The 1960s brought about significant and revolutionary performance improvements in racing. This is when engines started to move rearward behind the driver, when tires became lower and wider, and aerodynamics became more and more of a focus. These revelations caught the attention of Corvette engineers at the time as well, and the Chevrolet Engineering Research Vehicles began steadily trickling out. These vehicles showcased the possibilities of what GM could enter in motorsports… had it not been participating in the American Manufacturer’s Association ban on direct factory racing participation.
Aside from Zora Arkus Duntov and his team sneaking a couple of Corvette Grand Sport racecars out the back door before they got caught by the No Fun Police, this ban limited manufacturers to only create research vehicles and assisting private teams. So in 1964, the Grand Sport II research vehicle that was used for aerodynamics testing by none other than motorsports pioneer Jim Hall and his Chaparral Racing program.
Just as the C2 Corvette Sting Ray was taking the sports car scene by storm, the 1964 Grand Sport II research vehicle featured much of the same talent that was put into the legendary Corvette. Larry Shinoda was the designer, Jerry Mrlik developed the radical single-speed automatic transmission, and Frank Winchell served as chief engineer.
It’s said that the Grand Sport II is based loosely on Chevy’s Monza GT concept car that used Corvair running gear in Chevrolet’s first monocoque design. But unlike the Monza GT, the GS II took the theme several steps further by using thinner steel for added lightness, an experimental aluminum 327 V8, and the aforementioned single-speed automatic transmission.
Chief Engineer Winchell was looking for a location to test the limits of the Grand Sport II away from the eyes of spy photographers and competitors, and Hall’s Rattlesnake Raceway in Midland, TX served as the perfect spot. However, the GS II was rather unceremoniously destroyed that same year following testing, but was quickly replaced by its improved successor, the Grand Sport IIB, which is pictured. The monocoque chassis was riveted and bonded together using .032″ sheet aluminum, and was also able to accommodate wider tires than before.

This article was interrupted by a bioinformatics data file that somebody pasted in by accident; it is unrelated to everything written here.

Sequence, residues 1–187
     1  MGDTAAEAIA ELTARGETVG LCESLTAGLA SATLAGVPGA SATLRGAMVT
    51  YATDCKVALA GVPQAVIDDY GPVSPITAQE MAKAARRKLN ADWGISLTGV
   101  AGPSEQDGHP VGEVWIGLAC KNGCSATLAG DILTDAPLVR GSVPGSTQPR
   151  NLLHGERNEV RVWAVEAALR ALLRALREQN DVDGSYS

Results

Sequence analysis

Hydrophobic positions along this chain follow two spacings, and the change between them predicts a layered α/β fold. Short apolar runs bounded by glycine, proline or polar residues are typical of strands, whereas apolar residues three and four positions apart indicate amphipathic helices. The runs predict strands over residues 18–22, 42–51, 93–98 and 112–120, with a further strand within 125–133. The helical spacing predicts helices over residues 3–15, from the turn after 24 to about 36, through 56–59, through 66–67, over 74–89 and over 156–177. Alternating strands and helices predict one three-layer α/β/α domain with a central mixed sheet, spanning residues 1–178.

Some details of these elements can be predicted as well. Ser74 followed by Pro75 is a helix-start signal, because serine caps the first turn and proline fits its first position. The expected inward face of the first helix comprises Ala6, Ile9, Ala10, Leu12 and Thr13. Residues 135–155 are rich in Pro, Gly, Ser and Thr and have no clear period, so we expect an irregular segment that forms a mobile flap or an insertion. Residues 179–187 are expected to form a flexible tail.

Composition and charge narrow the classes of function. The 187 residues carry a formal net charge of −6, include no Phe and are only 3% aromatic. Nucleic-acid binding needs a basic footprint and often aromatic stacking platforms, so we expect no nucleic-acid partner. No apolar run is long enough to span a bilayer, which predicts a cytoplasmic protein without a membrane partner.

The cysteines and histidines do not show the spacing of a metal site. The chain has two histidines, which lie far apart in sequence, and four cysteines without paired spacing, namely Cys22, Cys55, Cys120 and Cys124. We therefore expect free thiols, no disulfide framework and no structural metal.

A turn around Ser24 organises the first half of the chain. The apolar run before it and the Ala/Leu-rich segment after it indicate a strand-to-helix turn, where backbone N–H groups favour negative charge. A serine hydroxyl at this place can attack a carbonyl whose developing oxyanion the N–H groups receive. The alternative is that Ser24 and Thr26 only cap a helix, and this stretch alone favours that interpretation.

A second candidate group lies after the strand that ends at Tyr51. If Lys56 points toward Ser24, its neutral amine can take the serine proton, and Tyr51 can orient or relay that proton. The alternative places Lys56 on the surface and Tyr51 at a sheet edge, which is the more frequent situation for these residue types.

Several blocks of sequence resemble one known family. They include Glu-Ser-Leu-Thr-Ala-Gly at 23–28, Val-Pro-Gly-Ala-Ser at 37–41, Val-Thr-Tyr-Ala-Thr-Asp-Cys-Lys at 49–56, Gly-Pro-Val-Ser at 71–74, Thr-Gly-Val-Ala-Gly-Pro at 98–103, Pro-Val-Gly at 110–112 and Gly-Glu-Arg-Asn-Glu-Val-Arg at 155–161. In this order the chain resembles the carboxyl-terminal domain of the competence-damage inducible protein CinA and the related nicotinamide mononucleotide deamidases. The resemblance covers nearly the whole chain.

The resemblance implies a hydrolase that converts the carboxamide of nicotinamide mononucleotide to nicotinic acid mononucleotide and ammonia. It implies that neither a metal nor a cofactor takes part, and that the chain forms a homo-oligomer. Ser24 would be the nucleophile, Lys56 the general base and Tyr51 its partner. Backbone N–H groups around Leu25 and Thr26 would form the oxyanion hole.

GS IIB was then shipped to Rattlesnake where it underwent extensive testing. Jim Hall was behind the wheel for the majority of the GS IIB’s high-speed runs.
To celebrate the arrival of the C8 Corvette, the 2020 Amelia Island Concors d’Elegance will showcase an unprecedented amount of mid-engine Corvette predecessors. This includes the rarely paraded Grand Sport IIB, which currently spends its days at the Chaparral Gallery at the Petroleum Museum in Midland. This is the first time the GS IIB has appeared outside the museum. It will join the CERV I, CERV II, Corvette XP-819. XP-895, XP-897 GT, Aerovette, CERV III and the Indy Corvette on the Amelia Concours’ Silver Anniversary field on March 8, 2020 for an unprecedented Corvette reunion to celebrate the arrival of the mid-engine C8. In fact, the field is large enough to where Amelia Island is officially hosting a “Mid-Engine Corvette Class” for a chance for one of these historic supercars to take top honors.
The concours takes place March 8, 2020.